When wary late season birds are avoiding stationary decoys, can you still have hot hunting action? Absolutely! If you know these motion tricks.
There is something powerfully addictive about hunting mallards. Perhaps it is the environment in which they live; along Michigan’s waterways, swamps, and marshes alive with brilliant fall color. The smell of the freshwater is enlightening and the sound of rushing wings as birds dip close to the decoys can bring a tingling sensation up your spine. At times the shooting can be frantic as birds turn on the afterburners and dash for the safety of the heavens. Mallard hunts in Michigan’s great outdoors can be wild and crazy, especially if you use the deadliest tactics created by duck savvy waterfowlers; action decoys that are unbelievably natural looking to ducks.
When they do fly, ducks tend to follow some pretty predictable behavior patterns; they often move under the cover of low-light, at dawn, dusk and when fall storms bring rain, sleet and high winds. Under adverse conditions the shooting fun can be red hot. But when the weather calms, wind subsides and the dark clouds give way to blue skies, do you know how to make ducks dive for your decoy spread? Listen up. I’m going to share with you some of my absolute guaranteed mallard killing tricks.
It goes without saying that Michigan waterfowl hunters have mastered the importance of using motion decoys to attract wary ducks. The technique has caught on like wildfire across the state and on any given day you can see spinning wing decoys in area marshes, floodings, waterways and lakes and fields. The truth is, spinning-wing decoys capture the attention of ducks from extra long distances, cause them to fly close and often they will cup wings and dive directly into the decoy spread.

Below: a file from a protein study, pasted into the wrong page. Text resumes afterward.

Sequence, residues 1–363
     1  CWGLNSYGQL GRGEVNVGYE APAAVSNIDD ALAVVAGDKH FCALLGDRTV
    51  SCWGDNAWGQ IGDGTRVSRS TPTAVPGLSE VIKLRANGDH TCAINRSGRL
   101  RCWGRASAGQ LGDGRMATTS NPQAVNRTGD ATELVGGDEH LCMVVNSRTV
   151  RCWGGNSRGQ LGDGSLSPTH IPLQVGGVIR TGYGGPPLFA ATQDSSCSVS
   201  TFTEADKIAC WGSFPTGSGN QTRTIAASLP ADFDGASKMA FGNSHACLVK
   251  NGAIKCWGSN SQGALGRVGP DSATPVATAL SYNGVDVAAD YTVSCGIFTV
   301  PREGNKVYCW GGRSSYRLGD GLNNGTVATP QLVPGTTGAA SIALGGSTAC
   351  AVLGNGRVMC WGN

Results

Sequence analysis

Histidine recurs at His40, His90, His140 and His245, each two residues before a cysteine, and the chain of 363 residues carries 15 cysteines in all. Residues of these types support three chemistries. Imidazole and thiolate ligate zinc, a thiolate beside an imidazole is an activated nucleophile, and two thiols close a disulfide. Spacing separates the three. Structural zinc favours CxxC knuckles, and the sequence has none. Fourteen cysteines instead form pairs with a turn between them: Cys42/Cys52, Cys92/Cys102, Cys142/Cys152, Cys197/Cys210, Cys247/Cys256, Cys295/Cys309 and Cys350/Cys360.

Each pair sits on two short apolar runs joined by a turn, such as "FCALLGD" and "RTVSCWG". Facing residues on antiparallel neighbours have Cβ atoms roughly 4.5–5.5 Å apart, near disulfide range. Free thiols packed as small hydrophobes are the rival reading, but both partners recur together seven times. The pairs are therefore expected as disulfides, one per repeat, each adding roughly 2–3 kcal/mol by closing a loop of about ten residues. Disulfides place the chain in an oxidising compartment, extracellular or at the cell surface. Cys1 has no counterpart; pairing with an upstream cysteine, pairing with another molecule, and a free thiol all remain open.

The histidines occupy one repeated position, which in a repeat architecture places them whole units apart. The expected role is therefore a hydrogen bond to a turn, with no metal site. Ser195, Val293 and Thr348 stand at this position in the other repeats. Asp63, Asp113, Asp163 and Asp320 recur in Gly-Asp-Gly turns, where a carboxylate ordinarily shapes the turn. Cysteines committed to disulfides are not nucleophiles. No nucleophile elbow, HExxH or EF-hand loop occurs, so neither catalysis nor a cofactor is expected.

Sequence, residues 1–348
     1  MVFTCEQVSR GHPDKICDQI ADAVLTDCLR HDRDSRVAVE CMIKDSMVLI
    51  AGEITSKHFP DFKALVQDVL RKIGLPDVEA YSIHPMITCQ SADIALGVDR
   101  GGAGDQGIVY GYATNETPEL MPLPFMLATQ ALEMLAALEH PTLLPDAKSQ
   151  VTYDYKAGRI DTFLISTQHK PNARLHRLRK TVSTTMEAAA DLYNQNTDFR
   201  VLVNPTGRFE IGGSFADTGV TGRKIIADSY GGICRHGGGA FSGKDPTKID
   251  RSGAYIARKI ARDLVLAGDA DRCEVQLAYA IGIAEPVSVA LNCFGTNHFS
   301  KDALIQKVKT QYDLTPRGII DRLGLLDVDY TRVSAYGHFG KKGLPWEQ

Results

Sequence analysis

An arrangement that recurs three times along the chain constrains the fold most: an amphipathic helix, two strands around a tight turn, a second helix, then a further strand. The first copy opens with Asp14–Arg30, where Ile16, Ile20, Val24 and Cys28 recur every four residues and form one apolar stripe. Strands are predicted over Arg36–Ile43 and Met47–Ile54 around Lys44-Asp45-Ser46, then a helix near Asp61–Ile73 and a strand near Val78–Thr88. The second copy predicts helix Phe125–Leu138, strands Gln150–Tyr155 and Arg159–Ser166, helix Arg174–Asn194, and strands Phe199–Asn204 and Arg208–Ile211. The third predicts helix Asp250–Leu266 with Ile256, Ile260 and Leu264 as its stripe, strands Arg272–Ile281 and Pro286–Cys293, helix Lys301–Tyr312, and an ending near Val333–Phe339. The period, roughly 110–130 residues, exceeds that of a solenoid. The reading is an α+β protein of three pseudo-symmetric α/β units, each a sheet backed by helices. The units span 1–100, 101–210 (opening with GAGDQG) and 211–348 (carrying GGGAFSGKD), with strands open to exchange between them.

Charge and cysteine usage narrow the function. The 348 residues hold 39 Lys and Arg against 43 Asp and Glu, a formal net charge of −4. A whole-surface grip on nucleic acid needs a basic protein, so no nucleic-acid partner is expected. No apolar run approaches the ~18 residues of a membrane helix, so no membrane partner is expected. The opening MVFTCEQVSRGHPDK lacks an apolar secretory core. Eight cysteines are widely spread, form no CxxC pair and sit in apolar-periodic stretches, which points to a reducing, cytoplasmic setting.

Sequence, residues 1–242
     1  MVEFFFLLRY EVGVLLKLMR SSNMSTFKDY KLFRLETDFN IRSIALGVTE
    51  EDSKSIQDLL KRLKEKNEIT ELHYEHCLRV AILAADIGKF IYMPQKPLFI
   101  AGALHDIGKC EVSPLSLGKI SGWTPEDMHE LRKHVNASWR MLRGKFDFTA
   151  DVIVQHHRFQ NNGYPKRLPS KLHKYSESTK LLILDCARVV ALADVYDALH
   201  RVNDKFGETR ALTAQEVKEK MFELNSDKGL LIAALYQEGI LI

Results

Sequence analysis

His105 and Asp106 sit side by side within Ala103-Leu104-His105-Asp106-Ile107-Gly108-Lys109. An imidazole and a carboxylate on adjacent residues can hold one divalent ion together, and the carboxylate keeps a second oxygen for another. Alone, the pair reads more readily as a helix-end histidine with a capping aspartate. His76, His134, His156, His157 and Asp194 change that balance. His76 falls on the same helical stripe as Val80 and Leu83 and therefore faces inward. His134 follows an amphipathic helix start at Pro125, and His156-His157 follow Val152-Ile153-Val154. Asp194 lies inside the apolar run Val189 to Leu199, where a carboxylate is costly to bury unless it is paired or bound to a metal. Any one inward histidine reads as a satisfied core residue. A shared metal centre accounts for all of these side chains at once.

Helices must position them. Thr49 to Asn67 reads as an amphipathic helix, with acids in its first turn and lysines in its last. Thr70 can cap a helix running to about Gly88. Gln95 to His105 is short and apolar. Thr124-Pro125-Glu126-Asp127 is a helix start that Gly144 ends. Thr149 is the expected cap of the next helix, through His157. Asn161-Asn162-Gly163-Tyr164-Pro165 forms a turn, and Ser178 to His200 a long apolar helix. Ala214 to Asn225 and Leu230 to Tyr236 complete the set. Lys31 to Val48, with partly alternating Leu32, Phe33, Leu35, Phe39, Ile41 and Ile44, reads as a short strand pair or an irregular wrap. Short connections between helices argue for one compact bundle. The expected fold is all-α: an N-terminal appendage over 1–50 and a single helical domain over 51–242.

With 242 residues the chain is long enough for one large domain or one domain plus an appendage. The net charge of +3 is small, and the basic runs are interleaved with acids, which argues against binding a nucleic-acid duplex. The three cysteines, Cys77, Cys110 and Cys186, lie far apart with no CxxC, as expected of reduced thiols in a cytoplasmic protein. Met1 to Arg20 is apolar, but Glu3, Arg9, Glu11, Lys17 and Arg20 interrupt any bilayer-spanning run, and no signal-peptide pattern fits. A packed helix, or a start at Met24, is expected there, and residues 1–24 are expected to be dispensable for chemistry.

I’ve field tested just about every motion decoy on the market, constructed prototypes from shell decoys using motors and custom wings and I like the MOJO Mallard. The Baby MOJO is perfect for teal hunting, the MOJO Wing Thang works too and the MOJO Mallard Machine is deadly also. It is my opinion that the best motion decoy on the market is the MOJO Mallard or Super MOJO Mallard with offset wing design, folding wing, three position switch and remote control from the factory. My opinion is based on in-the-field hunting experiences and interviews with successful duck hunters. I’m so convinced that spinning-wing decoys work like magic that I do not go hunting without them. In fact, I’ve sold most of my stationary decoys, down sized my spread and use more electronic decoys to bring wary mallards into range.
If you want a duck hunting education go to St. Charles and on any given day you will see spinning-wing decoys in action. St. Charles is a state waterfowl area and hundreds of hunters line up at the DNR station to draw blinds that are likely hot spots. Take a peek at the Go devil motors on boats, glance at the magnum mallards decoys and admire the beautiful boats and you will quickly see that this is Michigan’s smelting pot for mallard hunters. Talk to the boys in camo and they will explain how important spinning-wing decoys are to success. Go to the flooded corn, marshes or waterways and you will see plenty of motion decoys being used by Michigan duck hunters. Talk to the successful hunters at the check-in station, ask them if they use spinning wing decoys and you will be amazed at how many use more than a couple; some use four or five.